Guest poem sent in by Aditi Balasubramaniam
(Poem #1600) Exequy on his Wife
Accept, thou shrine of my dead saint, Instead of dirges, this complaint; And for sweet flowers to crown thy hearse, Receive a strew of weeping verse From thy grieved friend, whom thou might'st see Quite melted into tears for thee. Dear loss! since thy untimely fate My task hath been to meditate On thee, on thee; thou art the book, The library whereon I look, Though almost blind. For thee, loved clay, I languish out, not live, the day, Using no other exercise But what I practise with mine eyes; By which wet glasses I find out How lazily time creeps about To one that mourns; this, only this, My exercise and business is. So I compute the weary hours With sighs dissolvëd into showers. Nor wonder if my time go thus Backward and most preposterous; Thou hast benighted me; thy set This eve of blackness did beget, Who wast my day, though overcast Before thou hadst thy noon-tide past; And I remember must in tears, Thou scarce hadst seen so many years As day tells hours. By thy clear sun My love and fortune first did run; But thou wilt never more appear Folded within my hemisphere, Since both thy light and motïon Like a fled star is fall'n and gone; And 'twixt me and my soul's dear wish An earth now interposëd is, Which such a strange eclipse doth make As ne'er was read in almanac. I could allow thee for a time To darken me and my sad clime; Were it a month, a year, or ten, I would thy exile live till then, And all that space my mirth adjourn, So thou wouldst promise to return, And putting off thy ashy shroud, At length disperse this sorrow's cloud. But woe is me! the longest date Too narrow is to calculate These empty hopes; never shall I Be so much blest as to descry A glimpse of thee, till that day come Which shall the earth to cinders doom, And a fierce fever must calcine The body of this world like thine, My little world. That fit of fire Once off, our bodies shall aspire To our souls' bliss; then we shall rise And view ourselves with clearer eyes In that calm region where no night Can hide us from each other's sight. Meantime, thou hast her, earth; much good May my harm do thee. Since it stood With heaven's will I might not call Her longer mine, I give thee all My short-lived right and interest In her whom living I loved best; With a most free and bounteous grief, I give thee what I could not keep. Be kind to her, and prithee look Thou write into thy doomsday book Each parcel of this rarity Which in thy casket shrined doth lie. See that thou make thy reck'ning straight, And yield her back again by weight; For thou must audit on thy trust Each grain and atom of this dust, As thou wilt answer Him that lent, Not gave thee, my dear monument. So close the ground, and 'bout her shade Black curtains draw, my bride is laid. Sleep on, my love, in thy cold bed, Never to be disquieted! My last good-night! Thou wilt not wake Till I thy fate shall overtake; Till age, or grief, or sickness must Marry my body to that dust It so much loves, and fill the room My heart keeps empty in thy tomb. Stay for me there, I will not fail To meet thee in that hollow vale. And think not much of my delay; I am already on the way, And follow thee with all the speed Desire can make, or sorrows breed. Each minute is a short degree, And ev'ry hour a step towards thee. At night when I betake to rest, Next morn I rise nearer my west Of life, almost by eight hours' sail, Than when sleep breathed his drowsy gale. Thus from the sun my bottom steers, And my day's compass downward bears; Nor labor I to stem the tide Through which to thee I swiftly glide. 'Tis true, with shame and grief I yield, Thou like the van first tookst the field, And gotten hath the victory In thus adventuring to die Before me, whose more years might crave A just precedence in the grave. But hark! my pulse like a soft drum Beats my approach, tells thee I come; And slow howe'er my marches be, I shall at last sit down by thee. The thought of this bids me go on, And wait my dissolutïon With hope and comfort. Dear, forgive The crime, I am content to live Divided, with but half a heart, Till we shall meet and never part.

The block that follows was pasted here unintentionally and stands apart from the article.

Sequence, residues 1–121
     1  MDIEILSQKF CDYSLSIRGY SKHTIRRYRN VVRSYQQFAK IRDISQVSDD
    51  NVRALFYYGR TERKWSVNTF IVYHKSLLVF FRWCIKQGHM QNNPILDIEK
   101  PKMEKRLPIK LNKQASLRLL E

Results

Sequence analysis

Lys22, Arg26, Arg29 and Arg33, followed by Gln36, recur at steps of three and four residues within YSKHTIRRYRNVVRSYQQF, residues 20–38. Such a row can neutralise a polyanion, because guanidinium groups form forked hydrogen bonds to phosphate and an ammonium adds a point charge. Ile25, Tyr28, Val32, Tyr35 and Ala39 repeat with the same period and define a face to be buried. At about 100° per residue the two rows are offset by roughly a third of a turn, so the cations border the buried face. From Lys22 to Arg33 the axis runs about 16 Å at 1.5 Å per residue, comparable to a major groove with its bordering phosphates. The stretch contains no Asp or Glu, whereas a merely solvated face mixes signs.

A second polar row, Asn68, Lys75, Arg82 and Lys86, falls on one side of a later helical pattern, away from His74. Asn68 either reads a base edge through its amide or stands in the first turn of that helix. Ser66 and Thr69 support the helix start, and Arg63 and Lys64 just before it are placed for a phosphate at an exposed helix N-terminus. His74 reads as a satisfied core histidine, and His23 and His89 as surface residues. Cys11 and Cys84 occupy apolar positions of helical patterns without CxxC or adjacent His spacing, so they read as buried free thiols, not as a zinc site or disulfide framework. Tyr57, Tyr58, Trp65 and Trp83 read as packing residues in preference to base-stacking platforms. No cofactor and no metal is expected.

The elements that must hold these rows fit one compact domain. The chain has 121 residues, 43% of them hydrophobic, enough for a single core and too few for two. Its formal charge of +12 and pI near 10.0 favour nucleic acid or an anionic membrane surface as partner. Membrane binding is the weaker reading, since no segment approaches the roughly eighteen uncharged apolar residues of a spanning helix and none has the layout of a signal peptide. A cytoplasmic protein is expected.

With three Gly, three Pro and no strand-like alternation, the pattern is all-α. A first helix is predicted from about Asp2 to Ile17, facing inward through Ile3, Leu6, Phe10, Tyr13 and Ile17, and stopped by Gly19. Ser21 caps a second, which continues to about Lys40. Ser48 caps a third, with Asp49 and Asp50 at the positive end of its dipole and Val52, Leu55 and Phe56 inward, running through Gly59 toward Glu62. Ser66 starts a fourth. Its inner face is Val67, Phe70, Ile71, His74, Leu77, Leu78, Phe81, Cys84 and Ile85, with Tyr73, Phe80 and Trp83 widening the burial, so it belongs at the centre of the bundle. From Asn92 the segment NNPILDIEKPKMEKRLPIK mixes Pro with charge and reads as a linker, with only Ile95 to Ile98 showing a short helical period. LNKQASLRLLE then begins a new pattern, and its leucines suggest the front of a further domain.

(Bishop of Chichester) Notes: exequy: A funeral rite (usually in the plural); the ceremonies of burial calcine: To undergo calcination (a chemical change caused by heating to a high temperature) Henry King (1592-1669) wrote this verse in mourning after the death of his young wife. To me, what makes this poem something more than a maudlin tribute to the poet's wife is the following lines, and the unusual use of literature as a metaphor for love. Dear loss! Since thy untimely fate My task hath been to meditate On thee, on thee! Thou art the book, The library, whereon I look Though almost blind. Aditi [Martin adds] When I read Aditi's commentary, I was surprised to find that I could not indeed think of another use of that particular metaphor. Anyone? [Links] Biography: [broken link] http://oldpoetry.com/authors/Henry%20King%20Bishop%20of%20Chichester